Moscow and the Afghans
MIKHAIL GORBACHEV has frequently said that he wants to get Soviet troops out of Afghanistan, and there is little reason to doubt his sincerity on this point. He has much to gain by getting out. The medium-range weapons treaty he signed in Washington this week would have easier sailing to Senate confirmation were there no Soviet troops in Afghanistan. The fact of those troops in Afghanistan is the main reason used by the opponents of confirmation of the treaty.
It was the sending of those Soviet troops into Afghanistan that finally destroyed the initial ``d'etente'' that Richard Nixon had worked out with Leonid Brezhnev. It is the continued presence of those troops in Afghanistan that is the major hurdle to working out a second d'etente.
Add that the presence of those troops in Afghanistan worries the West Europeans and puts a strain on Soviet relations with the Muslim countries to the south, with India and above all with China. But Mr. Gorbachev is having to learn, just as Lyndon Johnson and Mr. Nixon had to learn in Vietnam, that it is far easier for a great power to invade a small country than it is to get out with dignity.
We can assume that he wants out sincerely, but that, like Johnson and Nixon in Vietnam, he is still reluctant to pay the necessary price.
Nixon wanted to get out of Vietnam from the time he took over the war there from Johnson in 1969. But he also wanted to get out without losing the war. He hoped to leave behind a noncommunist government that would be friendly to the United States. He made a deal with the North Vietnamese. The last US troops pulled out in March of 1973.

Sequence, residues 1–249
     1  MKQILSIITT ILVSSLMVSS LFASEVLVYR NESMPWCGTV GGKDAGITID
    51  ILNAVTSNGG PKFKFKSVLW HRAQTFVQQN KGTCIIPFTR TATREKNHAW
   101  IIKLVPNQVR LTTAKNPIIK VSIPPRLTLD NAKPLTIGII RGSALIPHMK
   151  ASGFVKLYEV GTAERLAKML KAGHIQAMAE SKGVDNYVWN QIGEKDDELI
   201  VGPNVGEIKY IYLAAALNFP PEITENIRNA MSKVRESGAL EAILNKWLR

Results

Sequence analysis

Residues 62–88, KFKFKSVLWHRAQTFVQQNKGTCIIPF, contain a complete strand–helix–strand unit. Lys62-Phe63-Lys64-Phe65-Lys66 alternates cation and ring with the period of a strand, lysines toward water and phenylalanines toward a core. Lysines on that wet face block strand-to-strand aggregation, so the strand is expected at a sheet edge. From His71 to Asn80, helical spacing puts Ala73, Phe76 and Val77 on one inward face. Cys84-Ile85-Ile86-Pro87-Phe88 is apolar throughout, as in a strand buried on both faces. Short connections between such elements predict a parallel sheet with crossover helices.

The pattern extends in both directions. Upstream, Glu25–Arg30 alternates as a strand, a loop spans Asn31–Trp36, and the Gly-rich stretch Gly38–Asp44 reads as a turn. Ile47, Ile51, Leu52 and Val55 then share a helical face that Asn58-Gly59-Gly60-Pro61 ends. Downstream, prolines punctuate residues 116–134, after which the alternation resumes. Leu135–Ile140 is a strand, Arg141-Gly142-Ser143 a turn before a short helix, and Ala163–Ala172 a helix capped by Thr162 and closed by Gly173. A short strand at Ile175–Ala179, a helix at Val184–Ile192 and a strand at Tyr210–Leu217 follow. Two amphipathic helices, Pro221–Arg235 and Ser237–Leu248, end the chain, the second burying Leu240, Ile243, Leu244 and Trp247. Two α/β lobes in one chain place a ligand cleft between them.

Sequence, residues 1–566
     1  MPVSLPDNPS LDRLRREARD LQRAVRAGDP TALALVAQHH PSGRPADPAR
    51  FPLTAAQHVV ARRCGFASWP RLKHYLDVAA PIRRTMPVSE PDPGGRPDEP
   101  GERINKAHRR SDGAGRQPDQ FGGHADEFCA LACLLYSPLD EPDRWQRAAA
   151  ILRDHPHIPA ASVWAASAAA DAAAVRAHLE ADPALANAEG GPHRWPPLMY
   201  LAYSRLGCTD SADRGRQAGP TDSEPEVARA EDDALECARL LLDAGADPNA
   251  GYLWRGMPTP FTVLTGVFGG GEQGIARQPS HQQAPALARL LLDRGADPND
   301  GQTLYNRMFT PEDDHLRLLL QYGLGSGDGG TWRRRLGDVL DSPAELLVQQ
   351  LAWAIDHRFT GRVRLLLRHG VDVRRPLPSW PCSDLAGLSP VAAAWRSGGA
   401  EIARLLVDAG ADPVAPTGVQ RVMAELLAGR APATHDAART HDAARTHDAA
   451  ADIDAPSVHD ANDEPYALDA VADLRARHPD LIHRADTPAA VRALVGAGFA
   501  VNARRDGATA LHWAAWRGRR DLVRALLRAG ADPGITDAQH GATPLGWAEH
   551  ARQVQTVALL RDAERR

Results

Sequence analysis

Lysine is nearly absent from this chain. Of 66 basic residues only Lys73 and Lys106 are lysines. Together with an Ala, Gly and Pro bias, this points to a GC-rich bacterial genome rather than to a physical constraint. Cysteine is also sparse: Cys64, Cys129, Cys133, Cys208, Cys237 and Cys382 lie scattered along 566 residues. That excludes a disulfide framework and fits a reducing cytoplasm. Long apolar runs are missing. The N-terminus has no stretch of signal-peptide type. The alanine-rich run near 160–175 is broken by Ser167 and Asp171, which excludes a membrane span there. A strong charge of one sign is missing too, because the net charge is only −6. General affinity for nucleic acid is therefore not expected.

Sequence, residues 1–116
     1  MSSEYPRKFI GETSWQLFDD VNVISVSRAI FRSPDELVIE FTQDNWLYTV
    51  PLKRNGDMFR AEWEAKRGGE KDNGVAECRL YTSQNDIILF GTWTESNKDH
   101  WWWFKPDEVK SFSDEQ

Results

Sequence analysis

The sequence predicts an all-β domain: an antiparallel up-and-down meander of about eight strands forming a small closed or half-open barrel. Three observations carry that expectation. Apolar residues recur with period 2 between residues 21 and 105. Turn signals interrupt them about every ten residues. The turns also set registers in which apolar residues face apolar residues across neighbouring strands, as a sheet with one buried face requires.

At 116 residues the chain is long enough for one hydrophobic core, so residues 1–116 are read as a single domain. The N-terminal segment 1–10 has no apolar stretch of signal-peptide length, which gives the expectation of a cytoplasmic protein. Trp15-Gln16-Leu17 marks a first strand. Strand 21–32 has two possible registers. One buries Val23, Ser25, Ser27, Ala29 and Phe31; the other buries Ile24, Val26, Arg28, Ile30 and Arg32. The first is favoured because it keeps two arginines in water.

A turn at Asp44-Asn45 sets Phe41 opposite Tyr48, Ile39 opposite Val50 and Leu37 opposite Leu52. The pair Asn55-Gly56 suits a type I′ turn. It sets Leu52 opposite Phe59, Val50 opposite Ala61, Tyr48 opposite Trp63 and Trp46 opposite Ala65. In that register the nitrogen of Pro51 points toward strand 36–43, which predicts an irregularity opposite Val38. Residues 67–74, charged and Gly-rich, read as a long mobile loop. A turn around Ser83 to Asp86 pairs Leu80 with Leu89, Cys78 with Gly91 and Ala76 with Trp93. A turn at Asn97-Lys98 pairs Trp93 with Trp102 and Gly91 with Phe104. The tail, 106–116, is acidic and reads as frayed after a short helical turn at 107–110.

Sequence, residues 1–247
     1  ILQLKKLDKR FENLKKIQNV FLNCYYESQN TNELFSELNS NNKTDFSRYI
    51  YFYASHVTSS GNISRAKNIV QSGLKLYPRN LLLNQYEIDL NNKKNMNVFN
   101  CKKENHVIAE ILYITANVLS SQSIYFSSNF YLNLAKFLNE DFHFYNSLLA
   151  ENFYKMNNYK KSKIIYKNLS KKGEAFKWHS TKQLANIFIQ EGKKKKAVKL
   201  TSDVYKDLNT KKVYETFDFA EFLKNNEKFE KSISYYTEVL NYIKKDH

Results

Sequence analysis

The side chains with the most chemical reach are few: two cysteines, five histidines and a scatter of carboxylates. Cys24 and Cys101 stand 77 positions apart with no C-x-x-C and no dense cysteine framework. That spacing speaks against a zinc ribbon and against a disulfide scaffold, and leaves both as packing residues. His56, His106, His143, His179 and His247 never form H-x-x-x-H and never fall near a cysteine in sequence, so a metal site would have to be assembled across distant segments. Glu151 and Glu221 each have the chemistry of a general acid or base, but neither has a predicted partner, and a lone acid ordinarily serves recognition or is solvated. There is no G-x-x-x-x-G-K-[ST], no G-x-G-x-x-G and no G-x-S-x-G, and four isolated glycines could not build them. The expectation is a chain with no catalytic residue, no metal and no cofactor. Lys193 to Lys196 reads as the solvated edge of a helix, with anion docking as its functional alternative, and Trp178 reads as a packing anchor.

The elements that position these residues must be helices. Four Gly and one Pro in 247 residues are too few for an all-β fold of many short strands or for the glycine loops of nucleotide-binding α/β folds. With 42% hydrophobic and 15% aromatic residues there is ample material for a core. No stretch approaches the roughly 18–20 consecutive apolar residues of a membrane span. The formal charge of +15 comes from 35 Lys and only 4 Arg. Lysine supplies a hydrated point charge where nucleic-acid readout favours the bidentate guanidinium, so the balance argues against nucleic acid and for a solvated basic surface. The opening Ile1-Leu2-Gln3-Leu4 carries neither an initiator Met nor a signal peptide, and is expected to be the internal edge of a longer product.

The government of South Vietnam held out for two years more but finally collapsed, on April 30, 1975.
This is precisely why Gorbachev is reluctant to pull his troops out. He can hardly be happy with the idea that Soviet intrusion into Afghanistan will repeat the story of the US in Vietnam.
He has been dickering with the State Department over the terms for a Soviet withdrawal. He wants the US to cease all military aid to the resistance in Afghanistan and give him another year thereafter to try to organize his puppet regime there so that it might survive after his troops come out.
Washington's position is simple. The US is willing to cease all arms deliveries to the resistance on the day the last Soviet soldier pulls out.
It is highly doubtful that the puppet regime would survive under such circumstances. In effect, Washington is, so far, pursuing a policy that would impose on Moscow the same humiliation that befell itself in Vietnam.
The Soviets, like the Americans in Vietnam, have the physical power to ``win the war.'' There are only 15 million Afghans in all. The Soviet Union has 277 million. But the same thing that inhibited the US from winning in Vietnam also inhibits the Soviets from putting in enough force to win in Afghanistan.
To win in Vietnam, the US might have found itself again at war with China. To win in Afghanistan would offend China and also India, plus all the Muslim countries to the south. The price is too high.
The parallels between the Afghan and Vietnam stories are many. The US sent major forces into Vietnam openly in the spring of 1965. The last US troops came out in March of 1973 - eight years later.
Soviet troops have been in Vietnam since Christmas of 1979 - eight years. The war has been going badly for Moscow. For a time this past summer the resistance fighters, armed with American Stinger antiaircraft weapons, were bringing down Soviet helicopters at the rate of nearly one a day. The Soviets are holding the cities and the main highways, by day. They are no nearer to pacifying the country under their puppet regime than the US was in Vietnam at the end of eight years.